Operational Liaison in Combined Operations: Considerations and Procedures,
ARMY COMMAND AND GENERAL STAFF COLL FORT LEAVENWORTH KS SCHOOL OF ADVANCED MIL ITARY STUDIES
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Although the United States Armed Forces train to fight unilaterally, our historical experience suggests we fight as a multilateral force. Post conflict analysis of coalition command and control often appear to focus on command structures. Although this is the case, we tend to rely on informal solutions to affecting the command and control of allied and coalition command structures. Joint doctrine identifies two types of combined operations, coalitions and alliances. Coalitions are an informal arrangement of two or more military forces seeking a common objective. An alliance is a more formal arrangement between military forces. The more difficult of the two for integration of combat forces is a coalition. Absent common or standardized procedures, the coalition commander must spend a disproportionate amount of time integrating multinational combat forces into a cohesive, trained, combatant force. U.S. combined operations doctrine is contained in multiple JCS publications and does not adequately address joint tactics, techniques, or procedures for integration of multinational forces in combined operations. This monograph suggests operational liaison teams can bridge the gap between forming a coalition and employment of the coalition in combat operations. A proactive liaison team with supporting staff infrastructure, can reduce the commanders direct involvement with liaison. Historical examples are the U.S. Fifth Army in WWII, and U.S. Central Command in OPERATION DESERT STORM. Liaison methods utilized in these examples are analyzed to determine the validity of current doctrine and offers a framework for future liaison teams in combined operations.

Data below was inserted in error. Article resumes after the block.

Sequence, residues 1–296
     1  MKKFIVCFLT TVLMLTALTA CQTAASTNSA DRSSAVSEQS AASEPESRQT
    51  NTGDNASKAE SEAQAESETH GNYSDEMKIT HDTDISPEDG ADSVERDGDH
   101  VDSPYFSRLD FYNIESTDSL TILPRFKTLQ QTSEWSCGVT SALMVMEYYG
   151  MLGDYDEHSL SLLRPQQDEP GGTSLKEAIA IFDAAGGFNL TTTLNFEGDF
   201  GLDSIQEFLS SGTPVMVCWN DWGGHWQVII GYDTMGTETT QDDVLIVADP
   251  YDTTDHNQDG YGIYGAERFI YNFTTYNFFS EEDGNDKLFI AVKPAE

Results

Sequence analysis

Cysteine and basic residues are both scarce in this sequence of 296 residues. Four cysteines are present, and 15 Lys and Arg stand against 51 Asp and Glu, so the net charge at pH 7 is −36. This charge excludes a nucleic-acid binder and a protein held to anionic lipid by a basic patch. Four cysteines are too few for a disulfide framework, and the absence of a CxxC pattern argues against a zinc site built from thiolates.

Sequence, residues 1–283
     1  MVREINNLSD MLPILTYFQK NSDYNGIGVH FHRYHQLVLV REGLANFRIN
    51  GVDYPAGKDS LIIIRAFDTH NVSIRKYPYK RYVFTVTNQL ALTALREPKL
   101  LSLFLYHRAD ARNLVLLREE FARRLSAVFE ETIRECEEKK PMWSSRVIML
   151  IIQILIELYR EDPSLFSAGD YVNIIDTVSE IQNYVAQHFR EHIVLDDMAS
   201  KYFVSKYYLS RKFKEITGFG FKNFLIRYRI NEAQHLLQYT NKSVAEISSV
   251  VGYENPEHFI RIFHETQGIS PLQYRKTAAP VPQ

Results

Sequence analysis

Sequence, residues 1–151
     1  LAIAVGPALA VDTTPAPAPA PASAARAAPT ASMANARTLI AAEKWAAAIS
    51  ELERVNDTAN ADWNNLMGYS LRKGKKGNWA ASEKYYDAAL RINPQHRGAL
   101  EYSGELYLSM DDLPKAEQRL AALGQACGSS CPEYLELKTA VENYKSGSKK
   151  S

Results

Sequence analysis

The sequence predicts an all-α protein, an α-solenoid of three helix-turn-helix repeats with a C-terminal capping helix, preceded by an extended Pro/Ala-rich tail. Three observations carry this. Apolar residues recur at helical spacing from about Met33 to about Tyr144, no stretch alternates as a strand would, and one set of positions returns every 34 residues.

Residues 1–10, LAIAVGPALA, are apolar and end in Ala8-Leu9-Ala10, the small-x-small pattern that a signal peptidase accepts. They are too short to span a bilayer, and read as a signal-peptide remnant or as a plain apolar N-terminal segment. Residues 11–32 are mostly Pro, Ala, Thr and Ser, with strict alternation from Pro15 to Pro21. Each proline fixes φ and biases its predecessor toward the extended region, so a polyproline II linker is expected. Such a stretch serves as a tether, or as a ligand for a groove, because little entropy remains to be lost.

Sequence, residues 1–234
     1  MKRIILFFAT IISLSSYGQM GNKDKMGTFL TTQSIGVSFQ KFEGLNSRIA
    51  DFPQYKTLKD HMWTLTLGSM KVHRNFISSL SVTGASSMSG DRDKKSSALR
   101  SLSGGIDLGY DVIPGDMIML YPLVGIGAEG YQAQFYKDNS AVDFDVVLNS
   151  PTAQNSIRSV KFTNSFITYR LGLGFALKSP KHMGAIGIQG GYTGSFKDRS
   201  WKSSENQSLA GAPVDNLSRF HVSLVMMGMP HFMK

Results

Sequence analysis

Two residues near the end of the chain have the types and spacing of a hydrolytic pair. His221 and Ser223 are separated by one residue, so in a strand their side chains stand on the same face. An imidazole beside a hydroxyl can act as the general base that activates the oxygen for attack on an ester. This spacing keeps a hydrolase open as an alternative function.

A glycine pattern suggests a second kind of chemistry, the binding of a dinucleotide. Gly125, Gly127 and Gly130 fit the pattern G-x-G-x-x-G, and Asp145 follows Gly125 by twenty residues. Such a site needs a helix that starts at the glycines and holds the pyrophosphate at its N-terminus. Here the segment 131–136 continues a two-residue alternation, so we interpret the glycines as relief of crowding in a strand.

- Military Operations, Strategy and Tactics